described earlier is that in the digital signature case, you do not have to encrypt the
entire message. As a result, the performance of the system improves. As long as you
don’t mind if someone can see your message in plain text, then the performance considerations
of digital signatures provide a high degree of security and integrity of data
in your SOA.
Signatures can be a component of nonrepudiation, an important aspect of security
that needs to be addressed in an SOA context. Nonrepudiation refers to an organization’s
ability to authenticate that a particular transaction occurred, and thus deny the
sender the opportunity to repudiate (a fancy word for “deny”) that the transaction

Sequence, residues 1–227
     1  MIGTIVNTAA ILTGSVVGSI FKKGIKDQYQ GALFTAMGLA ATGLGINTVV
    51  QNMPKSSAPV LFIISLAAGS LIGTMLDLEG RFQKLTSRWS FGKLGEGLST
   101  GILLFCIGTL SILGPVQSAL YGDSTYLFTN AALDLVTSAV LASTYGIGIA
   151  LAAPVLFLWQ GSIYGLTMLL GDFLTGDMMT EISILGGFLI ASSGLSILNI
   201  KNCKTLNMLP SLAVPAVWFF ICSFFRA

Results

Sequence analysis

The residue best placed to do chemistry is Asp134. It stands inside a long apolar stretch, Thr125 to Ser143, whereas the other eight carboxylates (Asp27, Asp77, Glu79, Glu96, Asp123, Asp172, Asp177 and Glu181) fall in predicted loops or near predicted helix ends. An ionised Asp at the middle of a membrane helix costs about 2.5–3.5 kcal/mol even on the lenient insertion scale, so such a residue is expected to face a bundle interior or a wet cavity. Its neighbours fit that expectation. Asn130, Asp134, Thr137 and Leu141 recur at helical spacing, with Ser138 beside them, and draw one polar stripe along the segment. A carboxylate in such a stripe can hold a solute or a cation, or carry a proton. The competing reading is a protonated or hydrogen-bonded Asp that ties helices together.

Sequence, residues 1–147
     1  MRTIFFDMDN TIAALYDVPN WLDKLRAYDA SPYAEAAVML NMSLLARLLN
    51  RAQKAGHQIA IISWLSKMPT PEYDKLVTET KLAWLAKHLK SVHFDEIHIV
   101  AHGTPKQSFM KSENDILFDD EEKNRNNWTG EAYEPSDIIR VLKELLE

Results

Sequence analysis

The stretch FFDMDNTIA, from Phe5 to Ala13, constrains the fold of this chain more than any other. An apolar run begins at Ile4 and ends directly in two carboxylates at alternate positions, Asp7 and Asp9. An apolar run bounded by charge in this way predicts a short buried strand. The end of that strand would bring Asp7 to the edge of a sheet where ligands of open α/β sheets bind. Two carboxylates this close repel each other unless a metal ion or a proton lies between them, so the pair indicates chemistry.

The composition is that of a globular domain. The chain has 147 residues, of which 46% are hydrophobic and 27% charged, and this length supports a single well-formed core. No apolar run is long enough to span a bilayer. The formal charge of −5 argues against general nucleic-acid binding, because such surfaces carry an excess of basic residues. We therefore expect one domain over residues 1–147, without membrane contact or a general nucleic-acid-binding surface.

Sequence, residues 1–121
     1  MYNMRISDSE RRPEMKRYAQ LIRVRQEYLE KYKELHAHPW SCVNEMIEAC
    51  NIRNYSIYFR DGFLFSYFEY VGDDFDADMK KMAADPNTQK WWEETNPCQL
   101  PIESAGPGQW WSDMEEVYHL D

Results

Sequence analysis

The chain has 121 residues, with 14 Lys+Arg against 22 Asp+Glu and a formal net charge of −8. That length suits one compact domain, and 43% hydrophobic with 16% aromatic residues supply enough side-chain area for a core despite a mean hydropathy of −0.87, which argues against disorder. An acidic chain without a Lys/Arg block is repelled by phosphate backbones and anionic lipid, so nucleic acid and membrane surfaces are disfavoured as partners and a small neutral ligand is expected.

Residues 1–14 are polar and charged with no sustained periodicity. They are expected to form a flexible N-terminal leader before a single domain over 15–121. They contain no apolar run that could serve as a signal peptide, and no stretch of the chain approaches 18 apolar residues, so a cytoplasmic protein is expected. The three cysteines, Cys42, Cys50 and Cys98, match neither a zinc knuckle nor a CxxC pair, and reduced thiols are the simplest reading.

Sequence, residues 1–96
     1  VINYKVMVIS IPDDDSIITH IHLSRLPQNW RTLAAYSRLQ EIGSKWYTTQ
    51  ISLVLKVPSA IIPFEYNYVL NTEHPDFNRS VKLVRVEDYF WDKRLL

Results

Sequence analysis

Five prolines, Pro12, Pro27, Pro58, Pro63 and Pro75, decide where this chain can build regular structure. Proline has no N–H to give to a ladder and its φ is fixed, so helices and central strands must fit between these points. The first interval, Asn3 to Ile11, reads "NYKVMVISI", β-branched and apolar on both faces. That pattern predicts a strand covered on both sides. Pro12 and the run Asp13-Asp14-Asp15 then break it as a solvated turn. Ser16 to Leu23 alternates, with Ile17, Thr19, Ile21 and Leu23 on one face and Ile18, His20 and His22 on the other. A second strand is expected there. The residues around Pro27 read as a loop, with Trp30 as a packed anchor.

went through. For example, if you placed an electronic order for merchandise, and
that order was not authenticated in some way, such as with a digital signature, then
it might be possible to repudiate the order. If the merchant’s system provides for nonrepudiation,
then the merchant can affirm that the order was indeed placed.
Replay attack protection and auditing
Finally, your SOA security solution should provide a facility for tracking SOAP
requests in order to limit the potential for damage in DoS attacks. Usually, a tracking
feature will monitor the sender of the SOAP message and the time that it originated.
In some cases, the SOA security solution will “stamp” the SOAP message with a
unique identifying number. If the solution is set to block duplicate messages, it then
becomes impossible for the same message to be sent twice. Eliminating this potentiality
helps reduce the change that hackers could flood the SOA with duplicate
requests-a favored technique used in DoS attacks.